Thursday, April 12, 2007

The rush to indict

The DA charged Todd with murder four days after the stabbing. It would still be another three months before the forensic evidence would be sent to the state lab. It would be a half year before the lab completed its serology report. Months more would pass before any DNA analysis would be performed. Almost a year would pass before the DA requested the metro forensics unit in Colorado Springs to produce a crime scene analysis. Over thirteen months would pass before that report was released. It would say that a second person at the crime scene, the only person seen fighting with the victim, the person who, unlike Todd, was covered with the victim's blood, could not be eliminated as an assailant. By then the DA had already cut a deal with this likely assailant, had placed him beyond prosecution. The DA cut him a deal two months before the state crime lab had even opened the evidence packets in the case.

Today the news is filled with the Duke rape case. The New Times (12 April 2007) reports the conclusion of North Carolina's attorney general Roy A. Cooper:

“In this case, with the weight of the state behind him, the Durham district attorney pushed forward unchecked,” said Mr. Cooper, who took over the case in January. “There were many points in the case where caution would have served justice better than bravado. And in the rush to condemn, a community and a state lost the ability to see clearly.”
Bravado is seductive for the ambitious politician, and many prosecutors are politically ambitious. When faced with the trade-off between using the time it takes to get it right and the advantages of exuding action and decisiveness, ambition can tip the scale away from caution, away from truth. The premature indictment becomes an article of faith for the prosecutor who now needs to assert infallibility as well as decisiveness. It now steers the subsequent investigation. The goal: eliminate alternate suspects, avoid forensic tests that may be problematic to the case, conceal information that might help the accused. The new imperative is not "let justice be done"; rather, it becomes: "win the case."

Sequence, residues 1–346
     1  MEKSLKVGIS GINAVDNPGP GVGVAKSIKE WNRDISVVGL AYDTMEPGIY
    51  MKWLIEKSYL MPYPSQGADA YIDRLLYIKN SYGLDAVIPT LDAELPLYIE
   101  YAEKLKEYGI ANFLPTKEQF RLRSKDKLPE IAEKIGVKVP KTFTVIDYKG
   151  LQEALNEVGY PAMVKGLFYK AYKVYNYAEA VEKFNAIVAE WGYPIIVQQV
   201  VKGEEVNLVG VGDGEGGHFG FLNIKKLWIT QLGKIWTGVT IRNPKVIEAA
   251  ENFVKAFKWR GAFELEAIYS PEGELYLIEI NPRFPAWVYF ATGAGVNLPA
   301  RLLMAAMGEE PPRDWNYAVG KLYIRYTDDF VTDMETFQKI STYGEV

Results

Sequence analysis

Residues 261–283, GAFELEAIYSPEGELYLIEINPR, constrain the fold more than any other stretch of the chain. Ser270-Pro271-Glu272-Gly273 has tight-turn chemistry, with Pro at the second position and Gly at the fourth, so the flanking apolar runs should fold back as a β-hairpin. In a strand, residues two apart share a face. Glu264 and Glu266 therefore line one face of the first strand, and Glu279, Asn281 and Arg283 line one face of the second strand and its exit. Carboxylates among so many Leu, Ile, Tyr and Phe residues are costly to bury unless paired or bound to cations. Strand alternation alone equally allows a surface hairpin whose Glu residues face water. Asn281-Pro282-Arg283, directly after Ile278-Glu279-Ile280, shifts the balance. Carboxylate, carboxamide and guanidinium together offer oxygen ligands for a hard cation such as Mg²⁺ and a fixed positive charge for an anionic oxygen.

Reade Seligman, the recently exonerated Duke lacrosse player, described the experience:

“This entire experience has opened my eyes up to a tragic world of injustice I never knew existed,” Mr. Seligmann said. “If police officers and a district attorney can systematically railroad us with absolutely no evidence whatsoever, I can’t imagine what they’d do to people who do not have the resources to defend themselves. So rather than relying on disparaging stereotypes and creating political and racial conflicts, all of us need to take a step back from this case and learn from it.

“The Duke lacrosse case has shown that our society has lost sight of the most fundamental principle of our legal system: the presumption of innocence.” (from the New York Times, 12 April 2007)

The loss of the presumption of innocence: all Americans should shudder.

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